Integrating scientific expertise into decision -making: Decision tools for the Boston Harbor Islands National Recreation Area
A decision support tool to assess environmental vulnerability to boat activities was developed for the Boston Harbor Islands National Recreation Area (BHINRA). A modified “weight of evidence” method was used to elicit information from a panel of scientific experts. Information thus gathered was entered into a GIS-based decision support tool.
An overview of environmental problems and governance structure in the BHINRA revealed specific management problems and challenges. Since Congress created BHINRA as America's newest national park in 1996, planning has been fragmented, with no comprehensive program to establish sustainable use patterns. The founding legislation defined a new model wherein the federal government owns none of the land and public and private entities will raise funds to be matched by the federal government to establish and sustain the Park. Linking marine governance to the paradigm of sustainable development will require the creation of tools to support complex decision processes.
A methodology to facilitate the integration of scientific knowledge with stakeholder concerns was developed and applied. A workshop was held with the specific objective of eliciting scientific expertise to be incorporated into the decision-making process concerning management of boat activity in the BHINRA. The outcome of the workshop was the definition of ecological endpoint goals and measures of effect. The ecological endpoint goals are defined as the explicit expressions of the environmental issue to be protected. The measures of effect are the specific lines of evidence used to evaluate the chosen ecological endpoint goals. The goals and measures were integrated into a new decision tool using a modified “weight-of-evidence” approach to input scientific expertise into a Geographic Information System model.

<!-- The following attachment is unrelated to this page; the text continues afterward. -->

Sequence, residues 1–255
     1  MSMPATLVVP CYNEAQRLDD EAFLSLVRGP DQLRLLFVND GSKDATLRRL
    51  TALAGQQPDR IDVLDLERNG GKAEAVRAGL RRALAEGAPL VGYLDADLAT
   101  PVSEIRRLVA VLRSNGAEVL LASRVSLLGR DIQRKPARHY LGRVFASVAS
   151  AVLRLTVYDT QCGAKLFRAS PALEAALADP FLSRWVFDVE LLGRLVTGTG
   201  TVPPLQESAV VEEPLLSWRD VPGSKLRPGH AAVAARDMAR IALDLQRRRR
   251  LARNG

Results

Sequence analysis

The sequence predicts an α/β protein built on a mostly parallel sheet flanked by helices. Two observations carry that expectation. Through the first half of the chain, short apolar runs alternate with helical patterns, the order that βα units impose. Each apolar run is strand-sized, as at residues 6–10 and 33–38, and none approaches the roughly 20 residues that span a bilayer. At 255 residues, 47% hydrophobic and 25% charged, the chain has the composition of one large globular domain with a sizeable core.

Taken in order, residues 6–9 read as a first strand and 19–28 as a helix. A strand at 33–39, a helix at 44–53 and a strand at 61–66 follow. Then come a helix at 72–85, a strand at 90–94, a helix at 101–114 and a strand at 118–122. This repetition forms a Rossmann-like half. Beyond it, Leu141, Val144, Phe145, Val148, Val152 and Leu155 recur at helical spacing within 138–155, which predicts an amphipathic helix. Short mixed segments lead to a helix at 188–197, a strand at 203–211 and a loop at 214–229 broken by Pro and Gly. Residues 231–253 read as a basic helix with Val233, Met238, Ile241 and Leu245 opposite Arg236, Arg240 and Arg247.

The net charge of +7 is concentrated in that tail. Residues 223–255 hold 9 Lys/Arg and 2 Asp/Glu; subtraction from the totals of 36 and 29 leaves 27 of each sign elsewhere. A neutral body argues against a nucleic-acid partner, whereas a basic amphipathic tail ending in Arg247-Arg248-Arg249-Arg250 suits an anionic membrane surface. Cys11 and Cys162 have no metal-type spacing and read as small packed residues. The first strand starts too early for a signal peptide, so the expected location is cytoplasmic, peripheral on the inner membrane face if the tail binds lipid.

The GIS model produces maps identifying the spatial patterns of ecological vulnerability to boat traffic in the islands and surrounding waters. The result was an intuitively appealing, comprehensive and interactive tool that will aid decision makers in choosing boat routes and defining “no-go” areas for boats.
0768: Environmental science